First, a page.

Bleeding Hand Wounds

Author: Josh Bucher, MD (EM Attending Physician and EMS Fellow, Morristown Medical Center) // Edited by: Jennifer Robertson, MD, MSEd, Alex Koyfman, MD (@EMHighAK)


A 27-year-old male with no medical problems presents to the emergency department (ED) with a chief complaint of a finger amputation. He reports he was using a circular saw when his hand slipped and the saw accidentally cut his finger. He is complaining of severe pain and a hand deformity. On exam, his left third digit has an obvious amputation at the proximal interphalangeal (PIP) joint, and the distal portion of the finger is mangled beyond repair. This site also demonstrates pulsatile and venous bleeding, both of which have not stopped with direct pressure.

Hemorrhage control:

Hemorrhage control is an important aspect of both the treatment of and evaluation of any wound. Wounds that are actively bleeding require treatment. In addition, persistent hemorrhage can make the exam very difficult, such as assessing for full tendon function and visualization.

In a 2015 article, Thai et al. published a set of guidelines on hemorrhage control of forearm arterial lacerations. This is the first set of published, evidence-based guidelines on this topic.1

Hemorrhage control should first be attempted with direct pressure. All wounds deserve an attempt with direct pressure for 5 – 15 minutes.2 In the event that 15 minutes of direct pressure does not work, other steps, as noted below, can be attempted.

First, a tourniquet can be used to attain a bloodless field. There are commercially available tourniquets made specifically for the finger, such as the T-Ring™ ( This can allow you to locate a specific area of bleeding and then attempt hemorrhage control of a specific vessel. Academic Life in Emergency Medicine has a blog posting ( and video ( about a simple technique called a “glove tourniquet,” which can be done with a simple exam glove. Both the T-Ring or glove tourniquet can be employed to attain a bloodless field.

A simple blood pressure cuff can also be used to achieve hemorrhage control. The cuff can be inflated up to 250 mm Hg in adults and 100 – 200 mm Hg in children.3 This can help achieve a bloodless field to locate areas of bleeding that require treatment. Likewise, a commercial tourniquet, such as the Combat Tourniquet™ (C-A-T;, can be used to allow a bloodless field.

After the field is bloodless, care should be taken to inspect all underlying structures, including tendons, to assess if repair is needed. Furthermore, any tourniquet can be loosened to help visualize bleeding areas or vessels. When a bleeding vessel or area is located, there are several methods to repair it and stop the bleeding.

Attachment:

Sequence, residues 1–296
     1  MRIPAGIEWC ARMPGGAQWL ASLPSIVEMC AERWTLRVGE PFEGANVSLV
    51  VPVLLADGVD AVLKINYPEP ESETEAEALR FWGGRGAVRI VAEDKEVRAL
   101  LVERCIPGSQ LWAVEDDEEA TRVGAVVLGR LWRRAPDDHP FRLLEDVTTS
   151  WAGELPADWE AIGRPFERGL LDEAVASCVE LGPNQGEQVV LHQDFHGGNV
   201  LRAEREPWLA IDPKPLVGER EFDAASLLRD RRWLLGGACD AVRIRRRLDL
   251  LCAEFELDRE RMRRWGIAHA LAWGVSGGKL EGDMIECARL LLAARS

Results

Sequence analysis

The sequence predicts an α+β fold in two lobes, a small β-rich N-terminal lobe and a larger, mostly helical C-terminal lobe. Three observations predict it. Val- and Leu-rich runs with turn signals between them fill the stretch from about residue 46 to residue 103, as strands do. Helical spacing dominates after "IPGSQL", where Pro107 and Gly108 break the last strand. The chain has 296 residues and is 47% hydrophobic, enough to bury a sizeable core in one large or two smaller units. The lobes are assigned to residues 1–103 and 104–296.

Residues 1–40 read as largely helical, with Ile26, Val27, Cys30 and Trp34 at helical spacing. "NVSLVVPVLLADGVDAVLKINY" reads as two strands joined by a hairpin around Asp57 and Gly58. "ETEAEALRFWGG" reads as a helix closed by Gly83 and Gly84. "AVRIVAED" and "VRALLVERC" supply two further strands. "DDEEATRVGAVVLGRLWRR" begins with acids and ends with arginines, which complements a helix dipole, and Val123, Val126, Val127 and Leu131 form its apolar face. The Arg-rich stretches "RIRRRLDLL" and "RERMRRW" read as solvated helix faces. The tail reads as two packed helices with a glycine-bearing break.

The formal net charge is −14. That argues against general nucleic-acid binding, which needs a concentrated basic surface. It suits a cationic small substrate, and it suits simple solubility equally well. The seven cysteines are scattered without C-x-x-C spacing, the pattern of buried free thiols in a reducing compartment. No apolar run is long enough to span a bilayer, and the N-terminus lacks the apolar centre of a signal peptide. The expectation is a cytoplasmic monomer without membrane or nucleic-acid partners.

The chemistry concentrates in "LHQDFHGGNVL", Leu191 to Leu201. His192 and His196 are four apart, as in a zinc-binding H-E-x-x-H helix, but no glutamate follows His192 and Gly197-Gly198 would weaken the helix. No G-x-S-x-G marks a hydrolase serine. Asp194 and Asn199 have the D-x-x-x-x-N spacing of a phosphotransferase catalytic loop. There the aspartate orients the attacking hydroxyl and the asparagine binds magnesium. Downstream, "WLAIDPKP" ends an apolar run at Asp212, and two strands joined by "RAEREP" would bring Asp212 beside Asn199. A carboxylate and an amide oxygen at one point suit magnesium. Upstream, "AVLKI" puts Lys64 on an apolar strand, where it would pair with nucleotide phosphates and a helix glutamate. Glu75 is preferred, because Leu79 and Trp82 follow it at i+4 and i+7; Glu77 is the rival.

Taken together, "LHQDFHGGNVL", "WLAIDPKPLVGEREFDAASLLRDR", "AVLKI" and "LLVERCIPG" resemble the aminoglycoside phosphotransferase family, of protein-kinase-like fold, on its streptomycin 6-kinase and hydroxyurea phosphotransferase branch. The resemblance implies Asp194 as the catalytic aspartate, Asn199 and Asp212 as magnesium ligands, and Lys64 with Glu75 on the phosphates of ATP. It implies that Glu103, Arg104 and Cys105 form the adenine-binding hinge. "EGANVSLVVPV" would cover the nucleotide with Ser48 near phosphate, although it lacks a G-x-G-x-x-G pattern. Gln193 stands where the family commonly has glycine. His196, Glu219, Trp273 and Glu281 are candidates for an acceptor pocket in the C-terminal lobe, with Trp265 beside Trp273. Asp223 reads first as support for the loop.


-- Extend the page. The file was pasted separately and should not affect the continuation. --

Wounds can be anesthetized with an anesthetic such as lidocaine and epinephrine. Epinephrine works by constricting blood vessels through alpha receptor stimulation. If hemostasis is not achieved, primary closure of the wound may stop the bleeding. For wounds of the hand and fingers, 5-0 or 6-0 suture size should ideally be utilized for best wound healing.4 The fear of causing digital ischemia with epinephrine is greatly exaggerated and studies have not shown any significant adverse events from using epinephrine in hand or digital wound repair.6,7

There are other methods for wound hemostasis if the above techniques are inadequate or you want to avoid sutures. Topical tranexamic acid (TXA) has been demonstrated in multiple studies to be effective in hemorrhage control. An excellent Cochrane review article by Ker et al. evaluated these studies and their positive findings of topical TXA in the cessation bleeding.5 Most of the studies were conducted in the operating room for elective surgeries, but the data can be extrapolated towards bleeding from trauma, as surgical incisions are similar to local tissue trauma.

Another option is topical thrombin. Topical thrombin is a biologic agent that cleaves fibrin into fibrinogen which leads to hemostasis. There are many biologic brand name thrombin agents that are readily available. Thrombin has been proven to be effective for surgical hemostasis, and its use can be extrapolated to the ED for traumatic wounds.8

Through any combination of the above methods, hemostasis can be achieved readily.

Case Conclusion:

Using an exam glove, a finger tourniquet is placed on the patient, and luckily, the bleeding stops. The wound is repaired with sutures and lidocaine with epinephrine is used for analgesia. The patient is discharged without complications.

References / Further Reading

  1. Thai JN, Pacheco JA, Margolis DS, et al. Evidence-based Comprehensive Approach to Forearm Arterial Laceration. The western journal of emergency medicine. 2015;16(7):1127-1134.
  2. Sharif MA Wyatt MG. Vascular trauma. Surgery. 2012;30(8):5.
  3. Kragh JF, Jr., Littrel ML, Jones JA, et al. Battle casualty survival with emergency tourniquet use to stop limb bleeding. The Journal of emergency medicine. 2011;41(6):590-597.
  4. Abraham MK, Oh JS. Recent Advances in Wound Care. Trauma Reports. 2010;11(4).
  5. Ker K, Beecher D, Roberts I. Topical application of tranexamic acid for the reduction of bleeding. The Cochrane database of systematic reviews. 2013;7:CD010562.
  6. Chowdhry S, Seidenstricker L, Cooney D, et al. Do not use epinephrine in digital blocks: myth or truth? Part II. A retrospective review of 1111 cases. Plastic and Reconstructive Surgery 2010; 126 (6): 2031-34.
  7. Firoz B, Davis N, Goldberg LH. Local anesthesia using buffered 0.5% lidocaine with 1:200,000 epinephrine for tumors of the digits treated with Mohs micrographic surgery. Journal of the American Academy of Dermatology 2009; 61 (4): 639-43.
  8. Lew WK, Weaver FA. Clinical use of topical thrombin as a surgical hemostat. Biologics. 2008;2(4):593-599.

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